by his own mAya was born as if he was one with a body, with an intention to grace the world.
- To identify an avataar of bhagavAn we need to see how many of the 6 lakshaNAs they possess and to what extent. An avataar like Sri Krishna who possesses all the 6 qualities in their entirety is considered a pUrNa avataar or puruSOttama.
- In the Devi Bhagavatham, in the story vatapatrasAyi as well as Hayagriva, we are told that Vishnu is under the influence of Devi. But in the Bhagavad Gita, we are taught that it is the puruSa who is in control of prakRti (mAya). Sankaracharya takes the view of the Gita and not that of the Devi Bhagavatham.
- aiśwarya is better translated as lordship, then wealth or prosperity.
Even though there is nothing that he had to gain by it, in order to benefit the world, he taught the dual vaidIka dharmAs to Arjuna, who was drowning in the great ocean of sorrow and illusion, because a dharma that is accepted and practiced by a man of high qualities (adhika guna), will attain heights.
- This is like Sri Ramakrishna Paramahamsa who waited for a student like Swami Vivekananda.
- The dual dharmas as discussed in the earlier sections are pravRtti and nivRtti
That dharma, as taught by bhagavAn, was bound into the seven hundred verses known as the Gita, by the all knowing vEda vyAsa.
- This should put an end to two debates.
- One, that the 700 s’lOkAs of the gIta contain interpolations. It cannot be so since Sankara commented on them.(Sankara’s date varies from the date of 509 BCE given by a majority of the Sankara Matams and traditional sources to the 788 AD given by Dr. Bhandarkar)
- The second debate is whether the Gita contains Sri Krishna’s exact words, in poetry format, or his philosophy. From Sankara’s commentary we understand that the philosophy was as taught by Krishna and that the poetry was Veda Vyasa’s.
Why ask such a question?
We read the discussions between Draupadi and Dharmaraja in the Mahabharatam, it does not occur to us for a minute that they talked to each other in poetry. We think they spoke in prose and Vyasa rendered it into poetry so that we would never forget the event!
However when it comes to the Bhagavad Gita, we believe that it is Sri Krishnena kathitam and Vyasena grathitam., ie Sri Krishna spoke the Gita in those exact words and metre and that Vyasa merely recorded it for posterity.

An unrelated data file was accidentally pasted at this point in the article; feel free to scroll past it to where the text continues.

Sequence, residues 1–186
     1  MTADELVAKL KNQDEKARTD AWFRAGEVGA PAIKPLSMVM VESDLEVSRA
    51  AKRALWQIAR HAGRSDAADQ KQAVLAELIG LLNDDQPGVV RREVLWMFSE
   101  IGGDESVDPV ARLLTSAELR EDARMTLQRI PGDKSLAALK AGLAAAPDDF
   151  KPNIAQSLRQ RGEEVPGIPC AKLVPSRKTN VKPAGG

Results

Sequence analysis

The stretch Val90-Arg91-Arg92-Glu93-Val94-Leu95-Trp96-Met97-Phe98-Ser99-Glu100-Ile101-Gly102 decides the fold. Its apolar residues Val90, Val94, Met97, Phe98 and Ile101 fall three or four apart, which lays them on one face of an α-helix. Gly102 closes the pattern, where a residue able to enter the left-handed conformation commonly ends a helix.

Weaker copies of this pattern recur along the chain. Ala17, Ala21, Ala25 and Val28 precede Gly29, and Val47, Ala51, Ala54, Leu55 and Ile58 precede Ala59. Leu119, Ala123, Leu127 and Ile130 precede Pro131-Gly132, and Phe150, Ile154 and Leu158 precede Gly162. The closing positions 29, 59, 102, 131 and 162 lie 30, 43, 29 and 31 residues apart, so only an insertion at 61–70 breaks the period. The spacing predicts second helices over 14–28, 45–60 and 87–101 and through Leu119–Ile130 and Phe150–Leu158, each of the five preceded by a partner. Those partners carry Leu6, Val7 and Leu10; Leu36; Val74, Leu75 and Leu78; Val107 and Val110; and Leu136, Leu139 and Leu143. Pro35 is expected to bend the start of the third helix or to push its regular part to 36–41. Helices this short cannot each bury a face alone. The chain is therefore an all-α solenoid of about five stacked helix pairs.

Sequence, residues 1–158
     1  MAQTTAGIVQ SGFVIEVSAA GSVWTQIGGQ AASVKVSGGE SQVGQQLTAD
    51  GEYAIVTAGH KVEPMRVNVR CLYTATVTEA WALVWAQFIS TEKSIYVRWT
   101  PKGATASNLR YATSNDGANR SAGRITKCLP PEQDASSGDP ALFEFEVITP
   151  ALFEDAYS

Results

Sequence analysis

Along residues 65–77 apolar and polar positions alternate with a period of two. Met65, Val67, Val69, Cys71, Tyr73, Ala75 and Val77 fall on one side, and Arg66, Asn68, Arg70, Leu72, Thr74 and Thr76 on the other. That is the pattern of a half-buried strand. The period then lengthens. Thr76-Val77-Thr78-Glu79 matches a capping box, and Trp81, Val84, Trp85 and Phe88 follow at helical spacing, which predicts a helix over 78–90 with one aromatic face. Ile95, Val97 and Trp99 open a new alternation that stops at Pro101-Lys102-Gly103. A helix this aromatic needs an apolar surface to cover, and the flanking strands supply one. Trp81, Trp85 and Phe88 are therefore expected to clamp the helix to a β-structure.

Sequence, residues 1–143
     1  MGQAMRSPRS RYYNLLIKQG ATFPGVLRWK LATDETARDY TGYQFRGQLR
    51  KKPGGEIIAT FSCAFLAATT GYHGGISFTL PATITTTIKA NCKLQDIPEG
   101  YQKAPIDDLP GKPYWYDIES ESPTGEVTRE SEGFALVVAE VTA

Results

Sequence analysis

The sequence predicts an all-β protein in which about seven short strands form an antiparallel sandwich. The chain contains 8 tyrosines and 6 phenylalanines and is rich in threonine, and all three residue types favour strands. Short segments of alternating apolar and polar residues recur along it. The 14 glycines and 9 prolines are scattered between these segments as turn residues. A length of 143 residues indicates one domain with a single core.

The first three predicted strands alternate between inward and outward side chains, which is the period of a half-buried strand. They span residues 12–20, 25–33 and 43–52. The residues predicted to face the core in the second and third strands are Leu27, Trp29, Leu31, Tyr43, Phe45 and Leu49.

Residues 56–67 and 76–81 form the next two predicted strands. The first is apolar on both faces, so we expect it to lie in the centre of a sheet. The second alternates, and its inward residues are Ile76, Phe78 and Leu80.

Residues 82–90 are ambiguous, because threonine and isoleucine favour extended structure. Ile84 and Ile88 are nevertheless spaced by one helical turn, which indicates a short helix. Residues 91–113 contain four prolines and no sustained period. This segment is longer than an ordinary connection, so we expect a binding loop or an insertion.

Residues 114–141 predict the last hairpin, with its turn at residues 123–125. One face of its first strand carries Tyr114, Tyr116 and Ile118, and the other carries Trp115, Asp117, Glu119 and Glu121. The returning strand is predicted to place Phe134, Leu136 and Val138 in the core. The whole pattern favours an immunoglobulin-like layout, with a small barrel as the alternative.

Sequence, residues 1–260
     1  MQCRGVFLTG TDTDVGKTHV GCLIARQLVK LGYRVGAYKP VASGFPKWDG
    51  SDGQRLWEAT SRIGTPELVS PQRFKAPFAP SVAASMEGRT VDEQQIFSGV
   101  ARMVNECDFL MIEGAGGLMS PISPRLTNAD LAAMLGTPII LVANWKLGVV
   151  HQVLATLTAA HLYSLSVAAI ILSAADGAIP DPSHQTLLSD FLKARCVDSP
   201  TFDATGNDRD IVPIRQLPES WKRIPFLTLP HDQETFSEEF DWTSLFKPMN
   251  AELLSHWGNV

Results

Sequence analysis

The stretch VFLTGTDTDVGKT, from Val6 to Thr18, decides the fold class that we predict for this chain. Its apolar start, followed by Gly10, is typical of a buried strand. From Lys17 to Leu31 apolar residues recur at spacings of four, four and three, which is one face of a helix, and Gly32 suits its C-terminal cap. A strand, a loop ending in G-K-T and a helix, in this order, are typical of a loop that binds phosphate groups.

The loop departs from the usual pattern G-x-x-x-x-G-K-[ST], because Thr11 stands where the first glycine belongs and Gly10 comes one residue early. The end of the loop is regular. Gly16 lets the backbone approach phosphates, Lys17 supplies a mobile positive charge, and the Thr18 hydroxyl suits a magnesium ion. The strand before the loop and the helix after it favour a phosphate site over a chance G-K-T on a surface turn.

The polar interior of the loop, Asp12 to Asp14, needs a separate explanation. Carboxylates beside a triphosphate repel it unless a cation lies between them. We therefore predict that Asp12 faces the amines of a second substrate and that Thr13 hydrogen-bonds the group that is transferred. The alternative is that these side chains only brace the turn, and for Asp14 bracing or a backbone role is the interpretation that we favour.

Some gurus say that Gita was a spiritual transmission and that no one waited for such a long time to start fighting. There are those, who say that it was all a later addition. And those who say that some chapters of the Gita that were added later.What do I think?
Certainly Arjuna had his doubts about fighting and certainly Sri Krishna advised him to fight summarising various philosophies and why Karma Yoga was the way to go. Anyone who thinks no one waited for the conversation to end before the war., has not waited on Indian roads for two passing bus/lorry drivers to finish their on-duty conversation before the rest of us can go to work etc.
A conversation between Krishna and Arjuna that might avert the war would be something that both sides would be willing to wait for..
- Geeta Jayanthi: The day the Bhagavad Gita was revealed to Arjuna. (Gadhimai, Bakrid, Thanksgiving, Margasira))
The Gita gives the essence of Veda Artha : meaning of the Vedas :
Then, this gItA s’Astram, which is the proper compilation of the essence of the entire vedArtha (meaning of the Vedas),
which is difficult to understand,
for the purpose of getting at its meaning,
as a word by word meaning, sentence meaning and nyAya (purport?) has been attempted by many people,
resulting in multiple extremely contradictory interpretations,
I set forth, vivEkatah (using good discrimination),
for the purpose of determining the meaning,
I give a brief explanation.
- Two very interesting ideas emerge from this statement.
- One is that the Gita gives the right essence of the meaning of all the Vedas.
- The second is that before Sankara, many people had attempted the word by word translation of the Gita and had failed to impress him. This is the situation even today. No one takes anyone else’s interpretation of the Gita as the “right” one and every human mind that dwells on it comes up with at least one new interpretation and sometimes several.
This is one of the reasons why I advocate studying the Gita before getting into Vedic studies, though the norm is Vedas first and Vedanta, Vedartha later!